Posted on May 8, 2016
GUEST POST: Mother’s Day as a single parent – Delight not disappointment
A friend of mine sent me this post earlier today. I’m really so glad to be able to share it with you all. People talk about the loneliness of Mother’s Day for mothers parenting alone but there is a lot of loneliness for partnered parents too – there are a lot of assumptions made about single parents that are just wrong. And I think this beautiful concept of delight over disappointment is so relevant to all parents . As always, there’s also a lot to be said for considering the way you talk about other parents whose circumstances are different to your own – never assume.Thank you to the author (who would like to be anonymous) for this lovely post. Happy Mother’s Day to all the mamas – I hope your day was delightful xo
I’ve read some seriously great Mother’s day posts this year. I’ve been astounded by the generosity of women discussing loss, discussing grief, discussing the complexity that Mother’s Day brings for many. But I’ve yet to read any that seriously resonate for me as a single parent. They are all tinged with a sense of second rate; of making the best out of a bad situation and this irritates the hell out of me, so here I come to share my experience. To say why my Mother’s Day rocks as a single mum in a way that they never did before.
Through the coupled years, Mother’s Days were hit and miss. The highlight year was when we spent the day picnicking with bubbly and favourite cheeses. The lowlight was the year my then-partner presented me with a mandarin. Ok, it was peeled and arranged a bit like a flower, but it felt like a big fat metaphor for his value of my parenting. The mandarin was followed by a fight. That was the year I swore never to be disappointed again. To make my expectations clear and direct. To take my mother’s advice of ‘be sure there are bacon and eggs in the house’ and it sort of worked, but there was always a sense of, now that you’ve had your eggs and crappy home-made card, can we get on with our lives? Can you find that thing? Are there any clean socks? The baby is screaming, can you feed it?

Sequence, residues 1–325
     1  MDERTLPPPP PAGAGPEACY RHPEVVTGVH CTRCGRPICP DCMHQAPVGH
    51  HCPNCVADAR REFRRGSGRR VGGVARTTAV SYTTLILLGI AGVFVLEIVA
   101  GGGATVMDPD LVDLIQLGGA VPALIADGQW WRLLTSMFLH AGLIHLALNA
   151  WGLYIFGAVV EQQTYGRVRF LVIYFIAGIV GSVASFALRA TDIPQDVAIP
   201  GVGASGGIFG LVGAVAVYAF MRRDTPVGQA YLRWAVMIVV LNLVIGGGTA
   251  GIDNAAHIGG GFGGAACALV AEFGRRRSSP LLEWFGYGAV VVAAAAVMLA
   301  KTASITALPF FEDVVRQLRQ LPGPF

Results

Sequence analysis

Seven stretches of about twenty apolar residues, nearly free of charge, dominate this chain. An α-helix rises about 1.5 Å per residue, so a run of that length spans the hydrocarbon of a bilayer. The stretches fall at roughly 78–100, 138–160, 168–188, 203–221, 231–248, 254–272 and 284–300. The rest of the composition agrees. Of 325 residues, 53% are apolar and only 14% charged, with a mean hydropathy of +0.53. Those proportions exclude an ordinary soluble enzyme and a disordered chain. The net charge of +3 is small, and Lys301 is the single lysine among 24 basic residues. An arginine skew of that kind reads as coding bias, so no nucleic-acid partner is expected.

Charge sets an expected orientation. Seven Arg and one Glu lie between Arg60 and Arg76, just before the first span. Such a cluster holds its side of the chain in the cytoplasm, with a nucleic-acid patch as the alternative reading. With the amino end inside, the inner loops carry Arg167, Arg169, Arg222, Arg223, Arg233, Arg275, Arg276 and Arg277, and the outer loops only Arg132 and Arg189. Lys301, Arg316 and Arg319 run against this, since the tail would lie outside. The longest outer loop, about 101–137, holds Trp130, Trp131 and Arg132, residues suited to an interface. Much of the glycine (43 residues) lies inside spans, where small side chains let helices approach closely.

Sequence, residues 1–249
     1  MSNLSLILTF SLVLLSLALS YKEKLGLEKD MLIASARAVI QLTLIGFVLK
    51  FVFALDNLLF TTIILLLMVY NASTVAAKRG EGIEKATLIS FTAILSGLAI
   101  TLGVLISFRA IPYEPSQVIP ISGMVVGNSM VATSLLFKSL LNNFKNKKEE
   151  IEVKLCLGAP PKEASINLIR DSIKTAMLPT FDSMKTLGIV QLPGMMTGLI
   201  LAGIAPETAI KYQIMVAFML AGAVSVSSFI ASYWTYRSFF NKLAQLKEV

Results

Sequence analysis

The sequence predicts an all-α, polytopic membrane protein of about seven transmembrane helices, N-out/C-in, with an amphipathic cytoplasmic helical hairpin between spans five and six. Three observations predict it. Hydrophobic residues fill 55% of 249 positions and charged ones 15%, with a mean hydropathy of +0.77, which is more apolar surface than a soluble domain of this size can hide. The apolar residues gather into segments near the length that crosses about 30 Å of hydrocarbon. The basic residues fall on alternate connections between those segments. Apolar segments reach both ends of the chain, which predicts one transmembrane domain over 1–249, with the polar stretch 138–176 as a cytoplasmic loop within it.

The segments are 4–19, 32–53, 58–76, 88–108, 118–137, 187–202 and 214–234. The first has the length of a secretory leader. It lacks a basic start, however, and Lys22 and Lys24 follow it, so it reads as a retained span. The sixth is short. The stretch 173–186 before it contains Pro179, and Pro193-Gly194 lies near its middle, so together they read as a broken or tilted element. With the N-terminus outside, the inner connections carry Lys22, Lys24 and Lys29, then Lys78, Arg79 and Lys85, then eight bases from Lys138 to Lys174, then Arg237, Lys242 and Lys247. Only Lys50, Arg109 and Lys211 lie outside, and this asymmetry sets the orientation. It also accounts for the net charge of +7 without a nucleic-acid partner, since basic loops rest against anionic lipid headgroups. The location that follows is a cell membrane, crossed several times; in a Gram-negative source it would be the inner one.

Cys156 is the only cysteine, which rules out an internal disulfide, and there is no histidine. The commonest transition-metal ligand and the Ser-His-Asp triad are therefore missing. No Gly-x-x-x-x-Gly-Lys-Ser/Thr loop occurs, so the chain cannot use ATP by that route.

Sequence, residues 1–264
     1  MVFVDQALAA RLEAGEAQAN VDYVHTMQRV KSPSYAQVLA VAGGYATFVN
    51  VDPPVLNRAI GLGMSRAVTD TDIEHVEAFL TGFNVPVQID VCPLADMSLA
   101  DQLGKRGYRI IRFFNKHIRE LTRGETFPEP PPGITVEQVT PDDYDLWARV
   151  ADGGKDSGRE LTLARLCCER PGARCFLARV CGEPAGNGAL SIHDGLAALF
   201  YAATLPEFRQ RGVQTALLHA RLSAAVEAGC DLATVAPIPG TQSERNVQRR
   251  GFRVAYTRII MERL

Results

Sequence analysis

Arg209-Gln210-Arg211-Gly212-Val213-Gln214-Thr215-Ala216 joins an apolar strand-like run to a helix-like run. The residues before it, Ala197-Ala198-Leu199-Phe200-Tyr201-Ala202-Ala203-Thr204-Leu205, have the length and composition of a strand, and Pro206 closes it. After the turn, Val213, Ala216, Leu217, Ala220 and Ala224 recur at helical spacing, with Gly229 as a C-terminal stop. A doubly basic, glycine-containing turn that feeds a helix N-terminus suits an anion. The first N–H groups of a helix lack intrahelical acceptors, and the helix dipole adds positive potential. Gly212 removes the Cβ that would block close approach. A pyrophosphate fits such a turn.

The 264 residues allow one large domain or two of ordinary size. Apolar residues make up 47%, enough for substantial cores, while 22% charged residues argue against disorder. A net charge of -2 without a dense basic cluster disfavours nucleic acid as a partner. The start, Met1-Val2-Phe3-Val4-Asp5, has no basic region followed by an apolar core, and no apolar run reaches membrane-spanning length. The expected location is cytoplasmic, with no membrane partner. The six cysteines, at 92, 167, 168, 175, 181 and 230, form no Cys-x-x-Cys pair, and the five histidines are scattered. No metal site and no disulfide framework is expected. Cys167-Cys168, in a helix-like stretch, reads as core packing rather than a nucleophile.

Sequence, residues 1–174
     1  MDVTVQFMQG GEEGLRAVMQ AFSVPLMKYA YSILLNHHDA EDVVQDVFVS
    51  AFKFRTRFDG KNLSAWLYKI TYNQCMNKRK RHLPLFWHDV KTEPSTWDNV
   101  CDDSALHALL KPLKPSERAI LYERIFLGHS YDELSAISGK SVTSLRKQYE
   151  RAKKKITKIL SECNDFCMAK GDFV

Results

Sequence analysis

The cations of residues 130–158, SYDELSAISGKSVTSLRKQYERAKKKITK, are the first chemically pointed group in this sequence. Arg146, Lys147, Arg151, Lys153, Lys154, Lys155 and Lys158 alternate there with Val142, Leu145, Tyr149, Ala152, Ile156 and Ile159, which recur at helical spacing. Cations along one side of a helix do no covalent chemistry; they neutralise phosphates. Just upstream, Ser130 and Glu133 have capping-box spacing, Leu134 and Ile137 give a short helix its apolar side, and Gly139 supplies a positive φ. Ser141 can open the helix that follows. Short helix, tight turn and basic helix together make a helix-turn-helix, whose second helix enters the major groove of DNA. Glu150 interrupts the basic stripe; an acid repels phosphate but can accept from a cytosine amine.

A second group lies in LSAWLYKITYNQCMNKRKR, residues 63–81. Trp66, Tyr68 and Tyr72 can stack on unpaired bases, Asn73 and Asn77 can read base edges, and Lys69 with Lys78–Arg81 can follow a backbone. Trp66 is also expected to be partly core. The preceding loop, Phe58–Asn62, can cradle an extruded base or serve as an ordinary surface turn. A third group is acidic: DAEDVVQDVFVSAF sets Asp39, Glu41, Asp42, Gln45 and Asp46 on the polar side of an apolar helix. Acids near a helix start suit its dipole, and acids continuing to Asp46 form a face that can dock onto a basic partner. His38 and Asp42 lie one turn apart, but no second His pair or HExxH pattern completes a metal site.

I’d read all about the loneliness of Mother’s Day as a single parent and was dreading my first one. Surely, a mandarin and a fight was better than nothing. But sticking to my resolve to never be disappointed, I was determined that it would be awesome. My own phenomenal mum came down to stay, we got a babysitter and went to the Opera. In the morning, we made each other breakfast. The ‘children’ gifted me with some new knickers and fancy body-wash, mum vacuumed my floors and left. I took the girls out for dinner with another single mum and her boy and we cheersed our greatness over cake and chardonnay.
Now my children are bigger and this year has been in its humble way, the best Mother’s Day yet. I still resolved to not be disappointed, but I also had no expectations. You can’t really expect a four and six year old to create what the ads say Mother’s Day needs to be. But this is where I underestimated my children, and this is the year the revolt against disappointment dissipates and delight dominates.